The handwriting has been on the wall for some time, but now that Apple has served up the ‘post-PC’ handle for what’s going on, it has people buzzing:
Joshua Topolsky, It’s Apple’s ‘post-PC’ world — we’re all just living in it
This week, Apple stepped into the “post-PC” era of computing — and there’s no looking back, at least not for the folks in Cupertino.
By joining the company’s ongoing vision of a “different” kind of computing with a soundbite friendly piece of marketing-speak, Apple has changed the rules of the game, and made the competition’s efforts not just an uphill battle, but — at least in the eyes of Steve Jobs and co. — essentially moot. But what exactly is the “post-PC” world? And why is it significant? Let me explain.
In this new world, Apple no longer has to compete on specs and features, nor does it want to. There is no Mac vs. PC here — only “the future” versus “the past.” It won’t be a debate about displays, memory, wireless options — it will be a debate about the quality of the experience. Apple is not just eschewing the spec conversation in favor of a different conversation — it’s rendering those former conversations useless. It would be like trying to compare a race car to a deeply satisfying book. In a post-PC world, the experience of the product is central and significant above all else. It’s not the RAM or CPU speed, screen resolution or number of ports which dictate whether a product is valuable; it becomes purely about the experience of using the device. What that means is that while Motorola and Verizon will spend millions of dollars advertising the Xoom’s 4G upgrade options, CPU speed, and high-resolution cameras, Apple need only delight consumers and tell them that specs and and speed are the domain of a dinosaur called the PC. Apple isn’t claiming victory in the Space Race — it’s ceding space to the competition.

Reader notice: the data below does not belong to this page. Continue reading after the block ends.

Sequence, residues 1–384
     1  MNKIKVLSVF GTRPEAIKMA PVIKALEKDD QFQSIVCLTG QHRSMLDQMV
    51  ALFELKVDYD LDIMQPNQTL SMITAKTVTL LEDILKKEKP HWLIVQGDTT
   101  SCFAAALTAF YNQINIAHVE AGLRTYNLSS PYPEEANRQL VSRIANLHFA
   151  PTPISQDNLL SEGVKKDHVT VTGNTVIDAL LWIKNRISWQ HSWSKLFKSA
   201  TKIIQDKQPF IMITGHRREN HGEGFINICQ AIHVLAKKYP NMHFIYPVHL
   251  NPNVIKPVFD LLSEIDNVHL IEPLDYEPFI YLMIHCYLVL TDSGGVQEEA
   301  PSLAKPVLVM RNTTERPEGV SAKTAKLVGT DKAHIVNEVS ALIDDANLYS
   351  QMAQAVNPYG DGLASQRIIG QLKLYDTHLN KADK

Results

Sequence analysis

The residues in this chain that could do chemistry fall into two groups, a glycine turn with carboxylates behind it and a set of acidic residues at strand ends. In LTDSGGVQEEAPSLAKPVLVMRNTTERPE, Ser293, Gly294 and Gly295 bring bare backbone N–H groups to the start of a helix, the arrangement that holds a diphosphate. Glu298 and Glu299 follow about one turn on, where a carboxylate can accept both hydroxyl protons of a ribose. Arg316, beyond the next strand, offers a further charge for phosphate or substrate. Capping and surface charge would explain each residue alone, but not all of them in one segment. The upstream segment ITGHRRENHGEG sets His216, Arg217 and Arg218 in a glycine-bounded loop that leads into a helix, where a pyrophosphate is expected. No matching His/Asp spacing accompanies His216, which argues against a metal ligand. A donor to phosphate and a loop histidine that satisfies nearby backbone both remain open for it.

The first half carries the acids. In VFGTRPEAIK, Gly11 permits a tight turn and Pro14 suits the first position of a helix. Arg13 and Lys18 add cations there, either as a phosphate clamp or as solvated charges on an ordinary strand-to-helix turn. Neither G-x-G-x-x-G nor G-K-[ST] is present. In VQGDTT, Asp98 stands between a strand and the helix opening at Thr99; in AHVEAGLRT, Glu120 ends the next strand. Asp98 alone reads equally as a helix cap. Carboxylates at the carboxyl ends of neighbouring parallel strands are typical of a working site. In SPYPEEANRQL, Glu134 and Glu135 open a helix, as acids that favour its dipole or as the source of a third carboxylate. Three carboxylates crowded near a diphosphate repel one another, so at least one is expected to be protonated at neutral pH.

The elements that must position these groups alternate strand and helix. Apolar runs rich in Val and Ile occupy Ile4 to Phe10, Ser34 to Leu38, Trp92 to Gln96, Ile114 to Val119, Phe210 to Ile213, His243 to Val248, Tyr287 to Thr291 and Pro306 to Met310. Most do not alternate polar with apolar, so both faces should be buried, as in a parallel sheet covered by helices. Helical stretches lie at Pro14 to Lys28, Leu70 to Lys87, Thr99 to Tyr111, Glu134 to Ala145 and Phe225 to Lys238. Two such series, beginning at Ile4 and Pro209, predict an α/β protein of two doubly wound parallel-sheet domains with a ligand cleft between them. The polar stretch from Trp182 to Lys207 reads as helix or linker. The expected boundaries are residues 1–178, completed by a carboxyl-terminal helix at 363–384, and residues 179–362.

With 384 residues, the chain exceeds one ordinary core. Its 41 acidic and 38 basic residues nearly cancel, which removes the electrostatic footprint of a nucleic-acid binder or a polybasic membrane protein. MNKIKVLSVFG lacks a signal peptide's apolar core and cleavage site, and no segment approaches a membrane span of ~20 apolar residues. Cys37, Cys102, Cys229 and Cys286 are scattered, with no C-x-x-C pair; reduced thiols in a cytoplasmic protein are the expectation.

But guess who gets Earth all to itself? Apple’s not saying that it beats other tablets on the market. It’s saying “we do one thing, and these guys do something else altogether.” They’re not competition — they’re not even playing the same game!
That’s not to say Apple has given up on PCs, and in fact, the company’s laptop sales are consistently exceeding expectations. But take a look at what’s creeping around the corner. There’s Lion, with its iOS-like interface, its simplified experience. If Apple has its way, and if the sales of its mobile devices carry on in the manner they have up until now, a post-PC outlook will even fit devices that look alarmingly like… PCs.
Apple isn’t just challenging perceptions of the PC — they’re saying that the age of the PC is over (at least for most people). The company is forcing consumers to ask if they even still want or need something called a PC (while of course making sure to point out that the competition is playing the same old game). And really, that’s all part of the plan. Apple is in the process of making the iPad the de-facto standard for what the next stage of computing looks like, from the look and feel to the kind of software and experiences you have on the device. Apple doesn’t just want to own the market — it wants to own the idea of the market.